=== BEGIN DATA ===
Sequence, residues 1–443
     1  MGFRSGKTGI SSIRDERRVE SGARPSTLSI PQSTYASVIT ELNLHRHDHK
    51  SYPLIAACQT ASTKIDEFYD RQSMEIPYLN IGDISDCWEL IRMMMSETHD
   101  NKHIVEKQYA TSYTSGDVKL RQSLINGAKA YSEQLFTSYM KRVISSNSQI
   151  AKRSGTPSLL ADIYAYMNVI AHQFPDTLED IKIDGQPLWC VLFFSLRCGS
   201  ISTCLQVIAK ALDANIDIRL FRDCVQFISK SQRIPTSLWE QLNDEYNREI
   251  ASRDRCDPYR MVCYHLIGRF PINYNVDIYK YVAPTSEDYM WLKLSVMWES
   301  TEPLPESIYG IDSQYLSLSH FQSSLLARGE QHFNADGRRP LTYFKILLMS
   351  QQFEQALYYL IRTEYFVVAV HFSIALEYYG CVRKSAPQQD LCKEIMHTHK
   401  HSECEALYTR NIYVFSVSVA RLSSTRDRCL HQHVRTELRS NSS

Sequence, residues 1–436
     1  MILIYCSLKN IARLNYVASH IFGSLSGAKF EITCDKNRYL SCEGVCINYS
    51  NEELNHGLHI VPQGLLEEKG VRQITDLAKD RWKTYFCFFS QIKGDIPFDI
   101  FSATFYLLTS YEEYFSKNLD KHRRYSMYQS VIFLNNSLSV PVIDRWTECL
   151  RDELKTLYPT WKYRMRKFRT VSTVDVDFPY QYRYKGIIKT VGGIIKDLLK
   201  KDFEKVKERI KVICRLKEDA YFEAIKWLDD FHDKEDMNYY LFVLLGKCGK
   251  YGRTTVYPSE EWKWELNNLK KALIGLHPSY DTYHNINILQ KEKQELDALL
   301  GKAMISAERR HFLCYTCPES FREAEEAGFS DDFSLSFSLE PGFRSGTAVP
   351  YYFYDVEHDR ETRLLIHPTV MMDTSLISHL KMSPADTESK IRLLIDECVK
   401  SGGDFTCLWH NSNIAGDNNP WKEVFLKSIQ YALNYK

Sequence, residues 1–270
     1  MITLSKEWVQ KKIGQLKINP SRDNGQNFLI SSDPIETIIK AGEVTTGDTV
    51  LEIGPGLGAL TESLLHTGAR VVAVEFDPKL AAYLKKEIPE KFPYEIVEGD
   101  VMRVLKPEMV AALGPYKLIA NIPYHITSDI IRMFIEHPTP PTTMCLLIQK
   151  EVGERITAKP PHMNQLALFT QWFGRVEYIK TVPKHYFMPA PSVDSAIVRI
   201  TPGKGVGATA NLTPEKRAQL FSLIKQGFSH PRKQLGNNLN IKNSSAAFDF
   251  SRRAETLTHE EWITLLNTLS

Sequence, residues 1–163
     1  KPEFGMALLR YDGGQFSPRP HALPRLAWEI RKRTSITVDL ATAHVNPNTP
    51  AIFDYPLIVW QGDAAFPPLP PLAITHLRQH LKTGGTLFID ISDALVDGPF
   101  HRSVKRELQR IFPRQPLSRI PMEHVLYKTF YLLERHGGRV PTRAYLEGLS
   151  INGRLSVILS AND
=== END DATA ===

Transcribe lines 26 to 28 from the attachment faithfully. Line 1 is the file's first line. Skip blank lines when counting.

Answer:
   201  TPGKGVGATA NLTPEKRAQL FSLIKQGFSH PRKQLGNNLN IKNSSAAFDF
   251  SRRAETLTHE EWITLLNTLS

Sequence, residues 1–163